Letter to Zabdiel Adams

Letter to Zabdiel Adams, June 21, 1776 (On reason, honor, and love of liberty)

Your letter, Sir, gave me great pleasure, and deserves my most hearty thanks.

I am fully with you in sentiment, that although the authority of the Congress, founded as it has been in reason, honor, and the love of liberty, has been sufficient to govern the colonies in a tolerable manner, for their defence and protection, yet that it is not prudent to continue very long in the same way; and that a permanent constitution should be formed, and foreign aid obtained. In these points, and thus far, the colonies and their representatives, the Congress, are extremely well united. But concerning a declaration of independency, there is some diversity of sentiment. Two arguments only are urged with any plausibility against such. a measure. One is, that it will unite all the inhabitants of Great Britain against us; the other, that it will put us too much in the power of foreign States.

The first has little weight in it, because the people of Great Britain are already as much united against us as they ever are in any thing, and the probability is, that such a declaration would excite still greater divisions and distractions among them.

The second has less weight still; for foreign powers already know that we are as obnoxious to the British court as we can be. They know that parliament have in effect declared us independent, and that we have acted these thirteen months to all intent and purposes as if we were so.

The reports of fifty-five thousand men coming against us, are chiefly ministerial gasconade. However, we have reason to fear that they will send several very powerful armaments against us, and therefore our most strenuous exertions will be necessary as well as our most fervent prayers. America is yet in her infancy, or at least but lately arrived to manhood, and is inexperienced in the perplexing mysteries of policy, as well as the dangerous operations of war.

I assure you, Sir, that your employment in investigating the moral causes of our miseries, and in pointing out the remedies, is devoutly to be wished. There is no station more respectable, nor any so pleasant and agreeable. Those who tread the public stage in characters the most extensively conspicuous, meet with so many embarrassments, perplexities, and disappointments, that they have often reason to wish for the peaceful retreats of the clergy. Who would not wish to exchange the angry contentions of the former for the peaceful contemplations of the closet?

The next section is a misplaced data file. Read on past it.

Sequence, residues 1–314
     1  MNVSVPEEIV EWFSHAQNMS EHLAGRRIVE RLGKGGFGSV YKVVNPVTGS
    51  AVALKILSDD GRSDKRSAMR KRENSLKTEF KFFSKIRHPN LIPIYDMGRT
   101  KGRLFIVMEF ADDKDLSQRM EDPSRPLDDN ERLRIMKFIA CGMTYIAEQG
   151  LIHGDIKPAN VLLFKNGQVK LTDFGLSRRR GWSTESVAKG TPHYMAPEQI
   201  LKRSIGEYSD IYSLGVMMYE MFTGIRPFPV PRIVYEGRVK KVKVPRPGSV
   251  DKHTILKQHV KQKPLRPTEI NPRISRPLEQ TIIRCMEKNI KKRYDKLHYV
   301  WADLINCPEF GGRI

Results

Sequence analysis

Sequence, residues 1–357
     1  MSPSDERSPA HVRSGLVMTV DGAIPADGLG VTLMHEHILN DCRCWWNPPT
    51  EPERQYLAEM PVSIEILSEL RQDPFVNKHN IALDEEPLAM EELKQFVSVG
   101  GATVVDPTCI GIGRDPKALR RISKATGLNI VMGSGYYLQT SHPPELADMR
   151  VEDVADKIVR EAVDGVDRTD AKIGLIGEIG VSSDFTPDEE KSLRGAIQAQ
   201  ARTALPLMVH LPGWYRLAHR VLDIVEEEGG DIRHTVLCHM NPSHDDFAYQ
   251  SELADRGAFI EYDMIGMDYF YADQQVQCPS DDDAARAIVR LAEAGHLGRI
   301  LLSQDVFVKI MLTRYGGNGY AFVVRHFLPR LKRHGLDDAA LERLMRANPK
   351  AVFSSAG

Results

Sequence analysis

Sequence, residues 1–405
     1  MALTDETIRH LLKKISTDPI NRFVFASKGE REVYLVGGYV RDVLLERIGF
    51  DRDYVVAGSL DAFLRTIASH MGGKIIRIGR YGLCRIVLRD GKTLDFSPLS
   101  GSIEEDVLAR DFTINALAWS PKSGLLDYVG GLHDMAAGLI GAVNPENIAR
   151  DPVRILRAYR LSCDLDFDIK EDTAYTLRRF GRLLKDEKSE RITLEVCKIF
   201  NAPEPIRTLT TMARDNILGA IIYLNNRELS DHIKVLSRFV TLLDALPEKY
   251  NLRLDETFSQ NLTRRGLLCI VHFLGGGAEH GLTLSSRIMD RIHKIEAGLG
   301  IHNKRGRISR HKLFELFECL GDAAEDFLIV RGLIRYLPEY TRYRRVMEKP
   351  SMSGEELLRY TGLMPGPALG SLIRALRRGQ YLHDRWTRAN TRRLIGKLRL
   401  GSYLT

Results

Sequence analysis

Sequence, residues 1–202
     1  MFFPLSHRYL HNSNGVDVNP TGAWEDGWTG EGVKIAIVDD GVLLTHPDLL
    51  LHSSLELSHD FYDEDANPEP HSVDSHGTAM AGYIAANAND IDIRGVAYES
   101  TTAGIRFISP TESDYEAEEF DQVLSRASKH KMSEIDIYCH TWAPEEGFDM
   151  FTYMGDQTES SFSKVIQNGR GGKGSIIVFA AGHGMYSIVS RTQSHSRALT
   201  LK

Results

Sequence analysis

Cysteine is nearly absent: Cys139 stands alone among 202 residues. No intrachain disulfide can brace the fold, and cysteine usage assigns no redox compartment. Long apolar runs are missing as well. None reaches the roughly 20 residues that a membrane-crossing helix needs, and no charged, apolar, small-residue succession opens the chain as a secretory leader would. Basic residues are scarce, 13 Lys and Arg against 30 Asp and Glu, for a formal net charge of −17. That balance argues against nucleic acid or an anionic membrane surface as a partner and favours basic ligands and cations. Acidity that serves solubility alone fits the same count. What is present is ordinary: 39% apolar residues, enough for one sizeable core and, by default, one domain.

“Where Contemplation prunes her ruffled wings,

And the free soul looks down to pity kings.”

Who would not exchange the discordant scenes of envy, pride, vanity, malice, revenge, for the sweet consolations of philosophy, the serene composure of the passions, the divine enjoyments of Christian charity and benevolence?

Statesmen, my dear Sir, may plan and speculate for liberty, but it is religion and morality alone, which can establish the principles upon which freedom can securely stand. The only foundation of a free constitution is pure virtue; and if this cannot be inspired into our people in a greater measure than they have it now, they may change their rulers and the forms of government, but they will not obtain a lasting liberty. They will only exchange tyrants and tyrannies. You cannot, therefore, be more pleasantly or usefully employed than in the way of your profession, pulling down the strong-holds of Satan. This is not cant, but the real sentiment of my heart. Remember me with much respect to your worthy family and to all friends.